Distribution and population trends.  Slender-billed white-breasted nuthatches remain somewhat common and widespread in lowland areas of Clark County, with numbers appearing to be highest in the vicinity of Ridgefield National Wildlife Refuge (Figure 2; eBird reports; Chappell 2005; R. Hill, pers. comm.).  Population trend in the county is unknown.  Birds in this population make extensive use of ashes, cottonwoods, and oaks.  The population is probably an extension of the broader population ranging through the Williamette Valley north to Sauvie Island in Oregon. Birds occurred in the area between Woodland and Kalama in Cowlitz County from 1985-1995, but breeding season records have become rare there and no observations of nesting have been made in recent years (Altman 2011).

The subspecies was reportedly once most abundant in the oak/prairie areas of Pierce and Thurston counties (Bowles 1929, Kitchin 1934, Jewett et al. 1953), but did not breed north of Seattle or in the San Juan Islands (Chappell 2005, Altman 2011). The population in South Puget Sound declined greatly by the early 20th century (Dawson and Bowles 1909, Bowles 1929, Kitchin 1934), although birds were still common in south Tacoma and regularly occurred on Joint Base Lewis-McChord in the mid-1960s (Altman 2011). Further decreases took place in Pierce County in the 1980s, when the last nine breeding sites disappeared; the last reported sighting during the breeding season was in 1998 and the subspecies is now considered extirpated in this region (Chappell 2005, Altman 2011).

Factors affecting populations.  Oregon white oak-prairie habitats were once far more widespread in  South Puget Sound, but have experienced dramatic declines and are among the most threatened habitats in the Pacific Northwest (Hanna and Dunn 1997, ABC 2006).  Factors contributing to their loss or degradation include urban, residential, and rural development; harvest of oak trees; conversion to agriculture; fire suppression and associated encroachment by conifers; conversion of oak woodland and forest to conifer stands for timber production; and lack of oak recruitment (Hanna and Dunn 1997,  Altman 2011). The decrease of oak habitats has likely been the main cause of the decline and extirpation of slender-billed white-breasted nuthatches from the South Puget Sound lowlands (Altman 2011).  Other contributing factors may include scarcity of nesting cavities, competition from starlings for nest sites, insufficient oak mast to support overwintering populations, genetic drift due to small isolated populations, and unknown disease or natural disturbance (Chappell 2005).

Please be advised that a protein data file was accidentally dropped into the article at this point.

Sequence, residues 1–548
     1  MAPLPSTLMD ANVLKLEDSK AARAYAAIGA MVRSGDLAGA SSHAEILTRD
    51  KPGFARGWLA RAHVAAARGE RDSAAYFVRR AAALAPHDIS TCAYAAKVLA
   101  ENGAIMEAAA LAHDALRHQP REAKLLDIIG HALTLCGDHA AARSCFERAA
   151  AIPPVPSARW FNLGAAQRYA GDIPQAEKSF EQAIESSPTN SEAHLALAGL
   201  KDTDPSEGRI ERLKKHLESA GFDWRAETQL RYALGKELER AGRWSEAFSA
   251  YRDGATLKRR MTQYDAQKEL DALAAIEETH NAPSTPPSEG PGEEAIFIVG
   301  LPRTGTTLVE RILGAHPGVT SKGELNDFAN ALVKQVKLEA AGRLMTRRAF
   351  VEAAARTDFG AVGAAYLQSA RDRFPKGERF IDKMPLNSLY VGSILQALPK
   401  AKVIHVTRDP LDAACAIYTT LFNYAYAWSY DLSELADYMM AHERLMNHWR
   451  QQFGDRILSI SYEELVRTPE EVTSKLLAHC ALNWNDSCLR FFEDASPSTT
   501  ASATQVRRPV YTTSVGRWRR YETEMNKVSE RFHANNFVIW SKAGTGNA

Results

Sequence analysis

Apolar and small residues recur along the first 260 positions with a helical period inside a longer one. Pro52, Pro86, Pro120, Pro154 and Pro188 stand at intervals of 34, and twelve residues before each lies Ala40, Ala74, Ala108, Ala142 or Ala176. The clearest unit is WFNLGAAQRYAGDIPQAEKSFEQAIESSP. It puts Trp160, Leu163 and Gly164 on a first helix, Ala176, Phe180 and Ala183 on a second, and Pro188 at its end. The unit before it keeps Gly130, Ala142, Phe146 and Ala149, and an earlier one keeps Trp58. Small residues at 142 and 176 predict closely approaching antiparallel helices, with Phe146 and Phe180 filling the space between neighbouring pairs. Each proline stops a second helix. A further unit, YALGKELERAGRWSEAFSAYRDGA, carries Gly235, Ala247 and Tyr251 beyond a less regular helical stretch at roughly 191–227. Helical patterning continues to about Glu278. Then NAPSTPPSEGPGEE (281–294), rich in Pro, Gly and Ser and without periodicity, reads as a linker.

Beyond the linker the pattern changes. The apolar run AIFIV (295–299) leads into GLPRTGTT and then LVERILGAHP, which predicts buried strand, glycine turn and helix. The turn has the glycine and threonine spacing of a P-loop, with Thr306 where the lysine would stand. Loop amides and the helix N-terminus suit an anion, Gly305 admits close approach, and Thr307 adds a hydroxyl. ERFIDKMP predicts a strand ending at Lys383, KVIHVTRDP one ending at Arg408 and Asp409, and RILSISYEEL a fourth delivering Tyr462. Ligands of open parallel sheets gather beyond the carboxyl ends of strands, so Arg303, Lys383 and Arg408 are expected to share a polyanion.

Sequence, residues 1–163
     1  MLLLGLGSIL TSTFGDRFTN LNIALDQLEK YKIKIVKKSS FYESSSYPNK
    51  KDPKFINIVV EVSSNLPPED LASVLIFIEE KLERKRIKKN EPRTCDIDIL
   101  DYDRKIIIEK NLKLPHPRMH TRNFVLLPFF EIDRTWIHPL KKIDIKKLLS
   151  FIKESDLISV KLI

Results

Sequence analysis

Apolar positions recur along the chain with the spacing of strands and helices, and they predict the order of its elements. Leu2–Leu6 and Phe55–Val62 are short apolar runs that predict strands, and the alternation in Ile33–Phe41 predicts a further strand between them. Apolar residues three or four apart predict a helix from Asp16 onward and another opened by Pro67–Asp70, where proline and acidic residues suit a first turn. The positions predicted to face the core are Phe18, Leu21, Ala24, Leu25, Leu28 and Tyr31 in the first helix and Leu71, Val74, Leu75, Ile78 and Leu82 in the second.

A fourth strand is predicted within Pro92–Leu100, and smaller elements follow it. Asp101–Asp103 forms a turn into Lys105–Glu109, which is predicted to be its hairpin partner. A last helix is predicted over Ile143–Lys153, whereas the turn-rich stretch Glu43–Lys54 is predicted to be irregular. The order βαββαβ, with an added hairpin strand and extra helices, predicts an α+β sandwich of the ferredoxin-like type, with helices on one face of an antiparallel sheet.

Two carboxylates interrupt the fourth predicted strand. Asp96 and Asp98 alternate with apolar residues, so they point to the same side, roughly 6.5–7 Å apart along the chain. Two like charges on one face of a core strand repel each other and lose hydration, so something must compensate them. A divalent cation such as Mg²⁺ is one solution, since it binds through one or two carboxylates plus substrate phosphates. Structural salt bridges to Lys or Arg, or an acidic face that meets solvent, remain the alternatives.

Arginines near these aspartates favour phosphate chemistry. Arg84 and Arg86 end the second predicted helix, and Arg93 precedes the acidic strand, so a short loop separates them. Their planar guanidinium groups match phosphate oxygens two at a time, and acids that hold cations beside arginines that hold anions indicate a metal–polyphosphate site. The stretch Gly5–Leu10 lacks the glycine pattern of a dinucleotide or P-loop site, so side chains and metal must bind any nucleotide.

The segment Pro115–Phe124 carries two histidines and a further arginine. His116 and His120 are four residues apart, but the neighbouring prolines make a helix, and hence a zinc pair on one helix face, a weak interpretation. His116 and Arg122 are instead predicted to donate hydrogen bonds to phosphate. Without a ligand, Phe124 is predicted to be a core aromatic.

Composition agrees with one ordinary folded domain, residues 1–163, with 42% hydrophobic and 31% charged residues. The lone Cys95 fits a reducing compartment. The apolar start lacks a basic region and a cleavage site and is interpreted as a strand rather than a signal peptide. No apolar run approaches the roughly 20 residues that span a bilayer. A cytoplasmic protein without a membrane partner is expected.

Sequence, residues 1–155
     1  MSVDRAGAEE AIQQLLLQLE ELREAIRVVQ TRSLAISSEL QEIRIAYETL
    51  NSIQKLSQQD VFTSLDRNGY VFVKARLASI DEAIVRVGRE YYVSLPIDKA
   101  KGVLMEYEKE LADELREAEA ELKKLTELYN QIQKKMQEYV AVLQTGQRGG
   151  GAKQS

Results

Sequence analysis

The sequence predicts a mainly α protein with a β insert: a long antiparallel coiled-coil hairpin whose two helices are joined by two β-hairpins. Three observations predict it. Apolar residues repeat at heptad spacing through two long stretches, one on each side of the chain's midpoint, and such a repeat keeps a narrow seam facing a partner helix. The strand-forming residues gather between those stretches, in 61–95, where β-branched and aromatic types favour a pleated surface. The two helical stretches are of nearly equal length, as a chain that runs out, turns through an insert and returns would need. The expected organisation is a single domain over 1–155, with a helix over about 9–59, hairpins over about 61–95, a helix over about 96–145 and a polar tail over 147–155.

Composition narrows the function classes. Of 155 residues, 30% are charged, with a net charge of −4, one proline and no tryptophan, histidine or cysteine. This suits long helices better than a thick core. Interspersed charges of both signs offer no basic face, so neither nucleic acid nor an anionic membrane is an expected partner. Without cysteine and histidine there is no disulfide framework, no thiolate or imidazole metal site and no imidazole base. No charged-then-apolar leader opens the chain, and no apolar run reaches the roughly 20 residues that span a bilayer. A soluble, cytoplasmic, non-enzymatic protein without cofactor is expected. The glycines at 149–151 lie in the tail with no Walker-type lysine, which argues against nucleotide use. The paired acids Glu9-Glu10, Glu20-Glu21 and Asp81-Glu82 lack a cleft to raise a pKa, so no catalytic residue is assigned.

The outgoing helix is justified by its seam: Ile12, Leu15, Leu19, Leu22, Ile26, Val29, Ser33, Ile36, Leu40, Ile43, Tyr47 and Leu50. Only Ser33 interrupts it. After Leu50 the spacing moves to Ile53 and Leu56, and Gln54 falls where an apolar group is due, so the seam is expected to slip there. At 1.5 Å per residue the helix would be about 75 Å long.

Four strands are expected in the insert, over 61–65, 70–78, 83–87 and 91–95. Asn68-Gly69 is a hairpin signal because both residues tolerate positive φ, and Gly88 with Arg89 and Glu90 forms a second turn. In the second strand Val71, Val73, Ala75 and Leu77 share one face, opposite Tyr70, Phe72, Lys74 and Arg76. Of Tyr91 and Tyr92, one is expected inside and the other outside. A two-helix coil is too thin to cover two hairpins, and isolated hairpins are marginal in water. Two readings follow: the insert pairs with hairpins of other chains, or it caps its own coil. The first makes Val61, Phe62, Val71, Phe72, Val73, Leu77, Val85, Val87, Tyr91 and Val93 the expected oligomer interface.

Conservation actions.  Conservationists have long been aware of the importance of preserving oak communities and their associated wildlife, including slender-billed white-breasted nuthatches, in the Pacific Northwest.  Numerous habitat management and restoration projects have been undertaken (e.g., Hanna and Dunn 1997, Devine and Harrington 2004, Dunwiddie and Bakker 2011), although replacing the large oaks that were present historically will require many decades. WDFW developed Priority Habitat and Species (PHS) management recommendations for oak woodlands (Larsen and Morgan 1998), and many other management plans, recommendations, and landowner guides have been published for this habitat (e.g., Columbia Gorge Audubon Society 1991, Vesely et al. 2004, Harrington and Devine 2006, Altman and Stephens 2012).